UK in shock after assassination of MP David Amess

“I never thought that was possible here, but I guess everyone is saying that under these circumstances?” “, asks Melanie Harris, a woman in her forties. It is 6 pm on this Friday, October 15, and this resident of Leigh-on-Sea has just come out of work; she went to buy some flowers which she left on a corner of the sidewalk, under the police cordon, in front of the Belfairs Methodist Church.

It was inside this brick building, in the heart of a seemingly uneventful shopping district, between a municipal golf course and quiet tree-lined boulevards, that 69-year-old MP Sir David Amess was assassinated. knives a few hours earlier, as he began his parliamentary office, open to the public.

Vulnerability of MPs

The murder of this member of the Conservative Party, a veteran of the House of Commons, elected continuously since 1983 in Essex (east of London), causes a very strong emotion in the United Kingdom, where Parliament remains the basis of democracy .

This drama also revives the debate on violence against policies and the vulnerability of MPs, five years after the assassination of Labor MP Jo Cox in comparable circumstances. On June 16, 2016, the 41-year-old young woman had just left a municipal library, where she had been on duty (in Yorkshire, in the north of England), when she was stabbed by a supremacist of ‘far right.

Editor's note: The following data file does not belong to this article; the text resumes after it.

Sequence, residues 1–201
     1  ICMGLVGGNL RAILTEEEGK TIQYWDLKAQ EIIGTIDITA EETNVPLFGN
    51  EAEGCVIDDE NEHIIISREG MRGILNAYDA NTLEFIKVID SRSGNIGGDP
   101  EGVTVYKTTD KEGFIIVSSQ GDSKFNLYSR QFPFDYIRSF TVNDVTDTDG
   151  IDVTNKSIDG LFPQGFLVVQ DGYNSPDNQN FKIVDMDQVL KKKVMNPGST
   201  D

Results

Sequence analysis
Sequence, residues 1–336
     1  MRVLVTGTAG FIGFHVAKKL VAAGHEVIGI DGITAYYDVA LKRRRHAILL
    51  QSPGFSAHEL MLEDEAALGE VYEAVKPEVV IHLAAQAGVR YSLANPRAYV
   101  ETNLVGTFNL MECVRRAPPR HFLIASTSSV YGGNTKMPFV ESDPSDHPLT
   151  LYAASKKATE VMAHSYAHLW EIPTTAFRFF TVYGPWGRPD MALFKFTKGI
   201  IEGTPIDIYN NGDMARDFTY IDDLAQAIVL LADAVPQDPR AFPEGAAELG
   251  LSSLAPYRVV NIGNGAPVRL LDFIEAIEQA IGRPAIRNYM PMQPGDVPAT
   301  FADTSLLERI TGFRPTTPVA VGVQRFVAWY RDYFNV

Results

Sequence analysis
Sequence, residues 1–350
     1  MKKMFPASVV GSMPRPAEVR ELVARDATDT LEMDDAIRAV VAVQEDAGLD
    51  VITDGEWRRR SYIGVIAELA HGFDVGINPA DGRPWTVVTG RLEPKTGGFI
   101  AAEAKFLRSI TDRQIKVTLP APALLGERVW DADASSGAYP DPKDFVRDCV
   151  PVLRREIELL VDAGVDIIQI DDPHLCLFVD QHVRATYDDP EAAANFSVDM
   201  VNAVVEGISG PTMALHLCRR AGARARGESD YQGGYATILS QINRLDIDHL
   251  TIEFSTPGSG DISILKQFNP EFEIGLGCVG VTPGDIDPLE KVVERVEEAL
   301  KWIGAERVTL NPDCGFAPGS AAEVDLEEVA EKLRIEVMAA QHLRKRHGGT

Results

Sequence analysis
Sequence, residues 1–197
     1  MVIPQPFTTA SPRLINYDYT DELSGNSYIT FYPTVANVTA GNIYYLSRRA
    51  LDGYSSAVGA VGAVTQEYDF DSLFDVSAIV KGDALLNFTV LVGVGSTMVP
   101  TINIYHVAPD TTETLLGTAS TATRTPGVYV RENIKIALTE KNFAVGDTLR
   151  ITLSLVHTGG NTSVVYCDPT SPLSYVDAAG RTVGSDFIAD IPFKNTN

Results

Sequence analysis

Read also: Were the killer’s motives political?

Essex Police arrested a 25-year-old man early on Friday after the midday crime. Scotland Yard in the evening described the crime as“Terrorist incident”. To believe the Daily Telegraph, the suspect is said to be of Somali origin.

Horrified reactions and expressions of affection poured in throughout the day. “Everyone is shocked and has a heavy heart”, said Prime Minister Boris Johnson, who hailed in Mr. Amess “A man who believed passionately in his country and in his future”. “ This respected parliamentarian was killed in his own constituency while doing his duty. It is a tragic day for our democracy ”, lamented former head of government Theresa May. Keir Starmer, leader of Labor, the first opposition party, called for the rally “In response to this horrific event. We will show once again that violence, intimidation and threats will never prevail in our democracy. “” All the elected representatives of the political spectrum are united in sadness and shock today “, Scottish First Minister Nicola Sturgeon reacted.

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